Lords amendment: No. 3, in page 11, line 42, at end insert"; or
(d) would have been, by virtue of any of the preceding paragraphs, a person to whom this section applies but for some error or delay for which in the opinion of the Secretary of State the person is not responsible and which is brought to the attention of the Secretary of State within the period of one year beginning with the date of the passing of this Act.
I beg to move, That this House doth agree with the Lords in the said amendment.
This amendment was introduced by the Government to meet a commitment given here on Report by the Minister responsible for the disabled.
Paragraphs (a), (b) and (c) of subsection (3) of Clause 11 define those beneficiaries who have reserved rights under the health service vehicle scheme and who may be allowed under the clause to switch, if they choose, to the new mobility allowance.
The Government believe that Clause 11, even without the amendment, covers all those beneficiaries who have reserved rights and who consequently are entitled to exercise the option to change over to the mobility allowance. Nevertheless, in view of the concern expressed during the earlier passage of the Bill and by the Joint Committee on Mobility for the Disabled that there may be deserving cases who would have met the condition, but for some error or delay for which they were not responsible, the Government agreed to put down the amendment giving the Secretary of State a safety net to catch cases which are brought to his attention within a reasonable time limit.
The amendment is wide enough to achieve this effect. It is purely beneficial and I ask the House to accept it.
I am grateful to the Under-Secretary of State for explaining the outcome of the little discussion that we had in Committee. However, before we welcome the amendment it is right to put on record the answer that I received from the hon. Gentleman's colleague the Under-Secretary of State who deals with the problems of the disabled, on 21st March 1976.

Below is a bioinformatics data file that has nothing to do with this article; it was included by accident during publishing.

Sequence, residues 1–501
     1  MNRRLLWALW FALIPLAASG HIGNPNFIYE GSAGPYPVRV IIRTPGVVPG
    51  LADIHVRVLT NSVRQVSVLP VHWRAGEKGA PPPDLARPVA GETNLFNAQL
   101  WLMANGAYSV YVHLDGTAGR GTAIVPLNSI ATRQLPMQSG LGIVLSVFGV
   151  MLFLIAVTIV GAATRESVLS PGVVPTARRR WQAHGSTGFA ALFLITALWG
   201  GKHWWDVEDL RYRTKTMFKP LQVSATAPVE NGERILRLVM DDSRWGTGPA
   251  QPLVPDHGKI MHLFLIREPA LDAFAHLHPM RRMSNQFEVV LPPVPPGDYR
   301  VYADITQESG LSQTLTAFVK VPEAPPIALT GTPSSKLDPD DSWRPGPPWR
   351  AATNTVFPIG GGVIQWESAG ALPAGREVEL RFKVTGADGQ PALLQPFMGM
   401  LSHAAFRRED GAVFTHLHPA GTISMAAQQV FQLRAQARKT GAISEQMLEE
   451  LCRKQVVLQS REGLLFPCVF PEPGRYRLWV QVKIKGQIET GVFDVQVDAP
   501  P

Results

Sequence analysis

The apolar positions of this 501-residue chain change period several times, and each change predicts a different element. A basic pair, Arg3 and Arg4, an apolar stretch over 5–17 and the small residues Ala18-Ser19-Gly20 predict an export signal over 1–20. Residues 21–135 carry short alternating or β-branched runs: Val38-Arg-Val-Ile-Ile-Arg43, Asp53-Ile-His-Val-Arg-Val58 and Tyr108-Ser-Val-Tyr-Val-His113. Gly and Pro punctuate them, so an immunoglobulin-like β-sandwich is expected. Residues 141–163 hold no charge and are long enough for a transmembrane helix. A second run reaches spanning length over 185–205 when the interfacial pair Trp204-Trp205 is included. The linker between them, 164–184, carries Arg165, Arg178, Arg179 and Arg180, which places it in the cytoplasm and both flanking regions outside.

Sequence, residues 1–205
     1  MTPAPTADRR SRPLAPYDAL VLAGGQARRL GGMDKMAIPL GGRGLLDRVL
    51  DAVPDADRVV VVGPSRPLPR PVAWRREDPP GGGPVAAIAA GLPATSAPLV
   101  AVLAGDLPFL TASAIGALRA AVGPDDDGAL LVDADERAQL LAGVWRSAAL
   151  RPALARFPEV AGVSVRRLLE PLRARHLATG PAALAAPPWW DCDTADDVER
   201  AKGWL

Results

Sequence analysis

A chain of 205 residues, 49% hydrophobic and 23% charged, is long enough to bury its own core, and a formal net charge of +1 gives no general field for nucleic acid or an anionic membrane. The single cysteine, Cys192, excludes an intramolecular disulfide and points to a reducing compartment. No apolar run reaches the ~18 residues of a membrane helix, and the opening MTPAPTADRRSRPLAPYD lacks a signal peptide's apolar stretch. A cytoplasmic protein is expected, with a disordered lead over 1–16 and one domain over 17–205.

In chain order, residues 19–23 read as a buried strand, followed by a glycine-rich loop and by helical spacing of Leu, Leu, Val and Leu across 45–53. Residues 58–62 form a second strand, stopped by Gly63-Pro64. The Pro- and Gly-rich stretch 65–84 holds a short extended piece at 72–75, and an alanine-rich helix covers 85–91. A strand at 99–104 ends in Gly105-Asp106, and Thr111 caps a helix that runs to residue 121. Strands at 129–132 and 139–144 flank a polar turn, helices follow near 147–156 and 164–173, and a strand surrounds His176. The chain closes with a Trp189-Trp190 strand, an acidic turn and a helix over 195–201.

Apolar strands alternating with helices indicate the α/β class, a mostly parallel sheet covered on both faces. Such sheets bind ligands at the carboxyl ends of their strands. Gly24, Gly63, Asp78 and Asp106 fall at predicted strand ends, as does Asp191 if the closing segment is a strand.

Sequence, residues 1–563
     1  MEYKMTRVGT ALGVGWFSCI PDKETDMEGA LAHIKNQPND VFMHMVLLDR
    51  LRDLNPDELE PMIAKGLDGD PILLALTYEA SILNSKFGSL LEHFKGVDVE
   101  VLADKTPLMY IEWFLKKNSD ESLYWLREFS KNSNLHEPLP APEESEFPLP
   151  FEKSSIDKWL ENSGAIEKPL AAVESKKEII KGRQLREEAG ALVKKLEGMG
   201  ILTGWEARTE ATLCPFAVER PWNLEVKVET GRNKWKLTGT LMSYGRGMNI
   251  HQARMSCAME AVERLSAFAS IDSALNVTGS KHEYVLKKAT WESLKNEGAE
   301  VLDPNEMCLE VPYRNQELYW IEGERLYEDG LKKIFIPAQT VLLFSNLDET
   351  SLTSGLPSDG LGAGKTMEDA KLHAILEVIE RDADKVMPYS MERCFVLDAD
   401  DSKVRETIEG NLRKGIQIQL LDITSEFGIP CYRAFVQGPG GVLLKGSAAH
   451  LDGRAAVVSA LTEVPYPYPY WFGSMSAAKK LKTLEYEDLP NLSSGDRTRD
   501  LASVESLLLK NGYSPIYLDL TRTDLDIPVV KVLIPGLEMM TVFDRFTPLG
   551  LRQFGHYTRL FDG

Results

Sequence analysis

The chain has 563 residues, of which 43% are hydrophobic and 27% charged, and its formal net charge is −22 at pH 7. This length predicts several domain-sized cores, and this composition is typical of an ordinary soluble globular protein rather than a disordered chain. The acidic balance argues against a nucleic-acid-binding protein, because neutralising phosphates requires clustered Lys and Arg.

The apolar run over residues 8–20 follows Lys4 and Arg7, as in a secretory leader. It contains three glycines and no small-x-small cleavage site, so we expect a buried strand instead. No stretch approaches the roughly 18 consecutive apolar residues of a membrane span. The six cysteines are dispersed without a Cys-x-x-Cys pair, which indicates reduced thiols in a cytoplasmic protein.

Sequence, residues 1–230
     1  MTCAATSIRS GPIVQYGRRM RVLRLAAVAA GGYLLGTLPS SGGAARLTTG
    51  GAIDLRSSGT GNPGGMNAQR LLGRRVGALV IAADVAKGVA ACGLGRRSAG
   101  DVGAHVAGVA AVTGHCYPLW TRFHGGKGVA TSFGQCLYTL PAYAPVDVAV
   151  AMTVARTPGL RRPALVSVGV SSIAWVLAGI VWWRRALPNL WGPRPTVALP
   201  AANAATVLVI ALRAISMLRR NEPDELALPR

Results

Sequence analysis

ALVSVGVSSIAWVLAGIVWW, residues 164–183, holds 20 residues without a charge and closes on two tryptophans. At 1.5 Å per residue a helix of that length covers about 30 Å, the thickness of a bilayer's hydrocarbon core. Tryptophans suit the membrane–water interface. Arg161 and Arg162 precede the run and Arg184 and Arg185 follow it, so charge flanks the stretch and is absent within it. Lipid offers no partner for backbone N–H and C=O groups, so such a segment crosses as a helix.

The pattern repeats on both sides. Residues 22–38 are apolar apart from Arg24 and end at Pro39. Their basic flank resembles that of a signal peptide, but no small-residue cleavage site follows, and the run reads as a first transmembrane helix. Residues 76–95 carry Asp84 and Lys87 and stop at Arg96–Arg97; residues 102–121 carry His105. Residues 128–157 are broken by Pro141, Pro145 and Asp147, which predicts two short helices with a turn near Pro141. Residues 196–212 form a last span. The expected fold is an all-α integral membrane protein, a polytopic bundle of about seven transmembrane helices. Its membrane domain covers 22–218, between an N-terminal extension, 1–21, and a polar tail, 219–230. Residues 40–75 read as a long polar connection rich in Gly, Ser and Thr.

I asked the hon. Gentleman how many people were likely to become disenfranchised by the change in mobility between 1975 and 1976. I had previously received the answer that 2,000 people annually might have become new beneficiaries under the pre-1976 vehicle scheme had the old scheme continued in operation. I felt that that was a rather small number and decided to ask the Question again a little later. However, before I had the opportunity to do so the hon. Gentleman said that he felt that 3,500 might be a better estimate. In fact, that is a better estimate of the number of people who might have had a vehicle but who did not because of the change in the rules.
The very purpose of the Question and answer and the subsequent answer underlines the necessity to have the safety clause in the Bill, although it has been resisted by the Government in the past. I am delighted that the Government should be introducing it on this occasion as a result of further discussions in another place.
This is a dramatic change, as it alters the way of life for many disabled people, giving them a chance to move around when otherwise they would be unable to do so. I hope that we shall always consider putting this sort of clause into our legislation, as it will save many of the appeals and difficulties with which we shall be faced if such a clause is not to be found in initiating legislation.
We welcome the clause.